On 15th July, 2011, Singapore has issued five beautiful stamps in different denominations, on its spices. In 19th century, spices were as valuable as gold. At that time, there was a fight for control over the sources and routes to the Spice Islands of Southeast Asia and India. In response to this fervor, a garden at Fort Canning Park was planted mainly with nutmeg, clove and other plants with economic value. In this special stamp issue, Singapore has introduced three spices found in the Spice Garden: Tamrind, Cinnamon and Turmeric, as well as two other spices commonly used in local cuisines—Coriander and Star Anise.Tamrind comes from the elongated velvety pod of the Tamrind tree. The pod contains shiny black seeds enclosed in a sticky pulp.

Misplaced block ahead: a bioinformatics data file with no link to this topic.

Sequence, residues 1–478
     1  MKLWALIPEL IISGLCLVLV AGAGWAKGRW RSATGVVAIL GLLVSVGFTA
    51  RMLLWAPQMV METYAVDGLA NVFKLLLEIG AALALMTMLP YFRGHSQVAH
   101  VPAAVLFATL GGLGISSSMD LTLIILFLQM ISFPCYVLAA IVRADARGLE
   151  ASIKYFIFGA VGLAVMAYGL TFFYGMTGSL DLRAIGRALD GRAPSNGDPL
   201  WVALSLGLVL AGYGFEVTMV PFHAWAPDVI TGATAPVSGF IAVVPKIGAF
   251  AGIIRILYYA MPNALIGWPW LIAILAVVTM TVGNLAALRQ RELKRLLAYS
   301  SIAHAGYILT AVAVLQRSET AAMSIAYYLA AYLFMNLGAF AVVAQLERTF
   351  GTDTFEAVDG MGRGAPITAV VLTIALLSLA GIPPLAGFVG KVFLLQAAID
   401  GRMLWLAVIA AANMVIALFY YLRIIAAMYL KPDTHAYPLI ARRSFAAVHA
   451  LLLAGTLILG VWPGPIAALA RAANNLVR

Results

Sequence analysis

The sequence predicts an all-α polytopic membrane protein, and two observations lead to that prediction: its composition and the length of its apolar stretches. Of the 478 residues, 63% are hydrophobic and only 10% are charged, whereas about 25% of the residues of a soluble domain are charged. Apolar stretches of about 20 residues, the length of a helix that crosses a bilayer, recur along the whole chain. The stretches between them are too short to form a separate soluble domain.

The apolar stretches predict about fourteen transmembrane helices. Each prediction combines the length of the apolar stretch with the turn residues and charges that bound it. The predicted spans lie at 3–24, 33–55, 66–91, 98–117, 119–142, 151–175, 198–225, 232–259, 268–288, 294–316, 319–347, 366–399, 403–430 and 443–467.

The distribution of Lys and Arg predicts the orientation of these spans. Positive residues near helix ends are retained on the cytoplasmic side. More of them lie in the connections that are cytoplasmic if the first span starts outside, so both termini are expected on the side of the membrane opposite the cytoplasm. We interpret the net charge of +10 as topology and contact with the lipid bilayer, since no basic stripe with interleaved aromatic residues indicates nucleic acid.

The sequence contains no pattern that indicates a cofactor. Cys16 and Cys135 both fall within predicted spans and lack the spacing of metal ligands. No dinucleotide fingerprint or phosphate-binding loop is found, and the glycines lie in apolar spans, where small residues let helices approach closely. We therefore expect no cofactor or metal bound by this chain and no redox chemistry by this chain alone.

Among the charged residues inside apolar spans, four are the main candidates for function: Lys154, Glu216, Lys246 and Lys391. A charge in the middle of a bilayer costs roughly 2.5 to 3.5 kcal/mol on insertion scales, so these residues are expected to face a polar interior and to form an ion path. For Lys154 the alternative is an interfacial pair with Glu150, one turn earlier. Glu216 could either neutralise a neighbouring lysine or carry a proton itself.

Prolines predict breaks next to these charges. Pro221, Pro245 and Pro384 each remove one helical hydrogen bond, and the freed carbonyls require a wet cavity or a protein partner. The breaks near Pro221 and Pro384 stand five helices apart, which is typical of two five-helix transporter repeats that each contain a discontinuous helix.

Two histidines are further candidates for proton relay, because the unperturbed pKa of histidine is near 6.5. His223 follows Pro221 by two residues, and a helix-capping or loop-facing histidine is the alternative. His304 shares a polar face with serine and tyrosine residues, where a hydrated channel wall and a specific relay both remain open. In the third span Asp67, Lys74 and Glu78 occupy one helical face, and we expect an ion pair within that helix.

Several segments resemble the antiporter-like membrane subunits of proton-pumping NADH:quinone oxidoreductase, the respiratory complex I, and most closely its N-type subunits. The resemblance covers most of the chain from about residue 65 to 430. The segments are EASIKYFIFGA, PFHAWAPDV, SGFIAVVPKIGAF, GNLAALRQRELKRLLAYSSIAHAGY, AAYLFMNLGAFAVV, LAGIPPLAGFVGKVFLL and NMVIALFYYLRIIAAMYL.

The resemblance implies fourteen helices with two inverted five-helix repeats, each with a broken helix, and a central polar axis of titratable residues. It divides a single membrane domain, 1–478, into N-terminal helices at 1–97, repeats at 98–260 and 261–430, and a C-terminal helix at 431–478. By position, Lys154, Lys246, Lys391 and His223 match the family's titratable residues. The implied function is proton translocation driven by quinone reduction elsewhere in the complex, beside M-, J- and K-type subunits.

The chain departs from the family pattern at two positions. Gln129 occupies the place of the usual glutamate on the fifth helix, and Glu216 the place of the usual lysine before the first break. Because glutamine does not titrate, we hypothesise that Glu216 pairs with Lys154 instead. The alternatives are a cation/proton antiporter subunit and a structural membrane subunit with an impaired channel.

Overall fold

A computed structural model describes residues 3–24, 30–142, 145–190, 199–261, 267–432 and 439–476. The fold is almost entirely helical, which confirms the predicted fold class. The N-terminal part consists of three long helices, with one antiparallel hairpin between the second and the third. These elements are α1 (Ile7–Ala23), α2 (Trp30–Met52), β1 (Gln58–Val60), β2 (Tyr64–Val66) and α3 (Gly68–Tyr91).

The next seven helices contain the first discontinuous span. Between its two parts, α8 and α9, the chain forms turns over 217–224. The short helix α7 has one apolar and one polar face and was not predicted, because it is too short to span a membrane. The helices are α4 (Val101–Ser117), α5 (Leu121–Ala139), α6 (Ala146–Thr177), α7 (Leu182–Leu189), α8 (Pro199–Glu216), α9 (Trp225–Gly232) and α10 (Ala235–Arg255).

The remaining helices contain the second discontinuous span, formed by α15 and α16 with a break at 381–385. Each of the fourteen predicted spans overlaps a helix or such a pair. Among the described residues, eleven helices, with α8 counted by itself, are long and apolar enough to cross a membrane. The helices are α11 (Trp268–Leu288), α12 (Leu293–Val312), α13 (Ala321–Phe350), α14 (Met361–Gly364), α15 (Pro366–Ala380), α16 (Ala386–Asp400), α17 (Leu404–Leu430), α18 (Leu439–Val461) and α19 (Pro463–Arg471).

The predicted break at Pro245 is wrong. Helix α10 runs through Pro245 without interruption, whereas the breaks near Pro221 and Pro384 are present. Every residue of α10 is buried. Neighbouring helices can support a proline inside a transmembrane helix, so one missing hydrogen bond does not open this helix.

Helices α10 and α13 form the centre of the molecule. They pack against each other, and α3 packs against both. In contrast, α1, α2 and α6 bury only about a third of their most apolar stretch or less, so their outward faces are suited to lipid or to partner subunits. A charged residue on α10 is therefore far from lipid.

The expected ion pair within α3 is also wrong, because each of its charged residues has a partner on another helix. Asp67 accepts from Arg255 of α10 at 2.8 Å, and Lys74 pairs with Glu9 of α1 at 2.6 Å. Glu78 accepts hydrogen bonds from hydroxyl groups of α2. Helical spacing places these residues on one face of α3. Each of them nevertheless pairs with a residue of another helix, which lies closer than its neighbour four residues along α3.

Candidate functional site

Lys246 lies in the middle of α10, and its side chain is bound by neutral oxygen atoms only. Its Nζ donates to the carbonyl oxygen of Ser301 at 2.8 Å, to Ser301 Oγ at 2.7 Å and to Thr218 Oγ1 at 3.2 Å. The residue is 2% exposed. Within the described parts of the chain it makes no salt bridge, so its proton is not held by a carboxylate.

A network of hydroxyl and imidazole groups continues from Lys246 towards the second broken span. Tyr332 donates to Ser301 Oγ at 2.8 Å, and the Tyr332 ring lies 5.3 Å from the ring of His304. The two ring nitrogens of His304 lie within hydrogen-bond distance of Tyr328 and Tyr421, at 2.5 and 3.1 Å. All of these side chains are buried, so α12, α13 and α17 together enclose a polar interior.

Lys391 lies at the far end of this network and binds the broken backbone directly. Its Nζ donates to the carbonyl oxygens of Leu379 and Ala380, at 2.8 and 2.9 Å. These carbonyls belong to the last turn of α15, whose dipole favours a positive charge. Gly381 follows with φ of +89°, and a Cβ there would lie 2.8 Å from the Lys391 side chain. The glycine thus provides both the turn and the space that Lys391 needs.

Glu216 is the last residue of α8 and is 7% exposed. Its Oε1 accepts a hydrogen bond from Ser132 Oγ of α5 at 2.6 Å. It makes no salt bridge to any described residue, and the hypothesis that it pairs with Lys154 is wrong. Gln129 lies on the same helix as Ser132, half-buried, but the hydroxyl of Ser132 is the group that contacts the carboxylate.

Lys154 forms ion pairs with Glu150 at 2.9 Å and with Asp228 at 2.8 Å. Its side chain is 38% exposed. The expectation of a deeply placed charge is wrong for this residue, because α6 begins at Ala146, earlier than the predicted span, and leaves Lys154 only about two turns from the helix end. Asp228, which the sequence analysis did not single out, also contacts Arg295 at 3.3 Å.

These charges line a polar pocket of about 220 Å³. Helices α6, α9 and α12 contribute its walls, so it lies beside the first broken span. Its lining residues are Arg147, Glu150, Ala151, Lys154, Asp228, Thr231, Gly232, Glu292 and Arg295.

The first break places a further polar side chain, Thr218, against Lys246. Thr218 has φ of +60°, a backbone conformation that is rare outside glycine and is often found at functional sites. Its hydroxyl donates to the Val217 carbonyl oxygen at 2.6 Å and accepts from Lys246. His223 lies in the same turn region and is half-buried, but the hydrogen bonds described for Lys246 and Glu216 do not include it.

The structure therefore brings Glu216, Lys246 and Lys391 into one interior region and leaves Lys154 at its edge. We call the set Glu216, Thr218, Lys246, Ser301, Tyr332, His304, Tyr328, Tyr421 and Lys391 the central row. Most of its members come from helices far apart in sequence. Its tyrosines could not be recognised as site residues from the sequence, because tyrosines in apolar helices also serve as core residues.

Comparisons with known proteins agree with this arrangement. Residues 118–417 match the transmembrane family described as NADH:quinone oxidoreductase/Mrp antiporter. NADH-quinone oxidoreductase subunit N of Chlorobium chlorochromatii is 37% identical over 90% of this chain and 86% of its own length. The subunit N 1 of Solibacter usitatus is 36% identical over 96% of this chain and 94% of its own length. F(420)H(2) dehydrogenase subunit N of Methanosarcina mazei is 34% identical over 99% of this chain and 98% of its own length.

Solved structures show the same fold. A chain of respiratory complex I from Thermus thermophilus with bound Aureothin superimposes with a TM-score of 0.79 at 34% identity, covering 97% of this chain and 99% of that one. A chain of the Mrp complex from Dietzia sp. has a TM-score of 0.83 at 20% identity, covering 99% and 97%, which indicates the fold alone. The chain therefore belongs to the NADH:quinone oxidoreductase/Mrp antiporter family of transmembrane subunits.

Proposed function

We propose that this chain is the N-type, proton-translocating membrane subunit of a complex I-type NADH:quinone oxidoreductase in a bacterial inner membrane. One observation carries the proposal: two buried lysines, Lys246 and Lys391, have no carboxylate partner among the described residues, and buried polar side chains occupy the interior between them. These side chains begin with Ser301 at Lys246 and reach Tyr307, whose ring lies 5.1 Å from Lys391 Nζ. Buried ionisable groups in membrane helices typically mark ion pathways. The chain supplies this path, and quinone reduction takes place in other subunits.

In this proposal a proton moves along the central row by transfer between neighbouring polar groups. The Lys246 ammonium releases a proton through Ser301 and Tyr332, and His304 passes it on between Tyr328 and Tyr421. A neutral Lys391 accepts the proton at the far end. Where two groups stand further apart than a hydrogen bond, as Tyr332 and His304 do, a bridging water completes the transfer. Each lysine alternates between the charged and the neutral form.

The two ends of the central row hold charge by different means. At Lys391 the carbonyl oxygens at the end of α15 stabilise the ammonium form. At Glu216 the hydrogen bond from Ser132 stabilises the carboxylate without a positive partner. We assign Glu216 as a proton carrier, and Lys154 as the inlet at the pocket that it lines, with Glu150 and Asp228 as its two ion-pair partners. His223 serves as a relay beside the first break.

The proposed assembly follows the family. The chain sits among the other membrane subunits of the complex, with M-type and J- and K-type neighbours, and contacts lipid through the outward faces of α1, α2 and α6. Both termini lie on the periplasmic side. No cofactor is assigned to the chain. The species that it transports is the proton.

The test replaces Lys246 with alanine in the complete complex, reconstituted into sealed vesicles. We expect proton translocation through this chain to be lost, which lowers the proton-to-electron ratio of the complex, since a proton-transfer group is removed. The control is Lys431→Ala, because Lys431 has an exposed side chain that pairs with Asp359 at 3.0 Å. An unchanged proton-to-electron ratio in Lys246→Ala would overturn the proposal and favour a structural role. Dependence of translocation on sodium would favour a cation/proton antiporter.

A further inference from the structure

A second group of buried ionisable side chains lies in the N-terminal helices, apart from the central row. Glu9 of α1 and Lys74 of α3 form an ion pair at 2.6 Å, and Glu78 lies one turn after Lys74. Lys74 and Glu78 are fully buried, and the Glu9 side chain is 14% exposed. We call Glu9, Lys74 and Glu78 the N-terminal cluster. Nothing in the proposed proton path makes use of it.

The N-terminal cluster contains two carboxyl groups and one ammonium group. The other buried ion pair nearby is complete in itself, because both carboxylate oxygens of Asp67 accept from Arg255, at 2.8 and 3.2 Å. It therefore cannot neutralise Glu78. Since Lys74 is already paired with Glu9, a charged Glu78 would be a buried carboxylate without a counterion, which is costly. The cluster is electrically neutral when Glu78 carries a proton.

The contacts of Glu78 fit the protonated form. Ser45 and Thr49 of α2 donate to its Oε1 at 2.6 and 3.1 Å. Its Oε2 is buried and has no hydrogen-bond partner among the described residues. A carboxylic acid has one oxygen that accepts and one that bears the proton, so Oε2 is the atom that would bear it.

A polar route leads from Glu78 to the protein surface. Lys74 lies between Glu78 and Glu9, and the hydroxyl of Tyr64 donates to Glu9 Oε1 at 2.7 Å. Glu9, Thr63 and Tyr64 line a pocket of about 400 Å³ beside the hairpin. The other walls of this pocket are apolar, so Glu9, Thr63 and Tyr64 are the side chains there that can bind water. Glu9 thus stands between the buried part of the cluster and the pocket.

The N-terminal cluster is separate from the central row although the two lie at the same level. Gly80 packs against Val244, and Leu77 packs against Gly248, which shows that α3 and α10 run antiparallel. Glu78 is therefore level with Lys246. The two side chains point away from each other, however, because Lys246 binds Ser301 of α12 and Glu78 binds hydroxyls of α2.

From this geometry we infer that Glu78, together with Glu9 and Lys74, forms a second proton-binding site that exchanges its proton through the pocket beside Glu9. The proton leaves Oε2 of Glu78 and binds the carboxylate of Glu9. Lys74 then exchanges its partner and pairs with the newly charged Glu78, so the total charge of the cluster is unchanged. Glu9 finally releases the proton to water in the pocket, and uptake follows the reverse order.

The aromatic Cinnamon is obtained from the inner bark of the Cinnamon tree, a small evergreen tree that can grow to about 10m tall. Principally it is used as a condiment in beverages and desserts. Most of ten used in powder form, Turmeric is derived from the rhizome of the Turmeric plant. There could be medical benefits from turmeric as well.
All parts of the Coriander plant are edible, but the fresh leaves, roots and the dried seeds are the parts most commonly used in cooking. Star Anise is a spice that closely resembles anise in flavor. It is obtained from the start-shaped dried fruit of the tree, is native to southwest China. Star Anise is widely used in Chinese cuisine and in foods from Southeast Asian nations.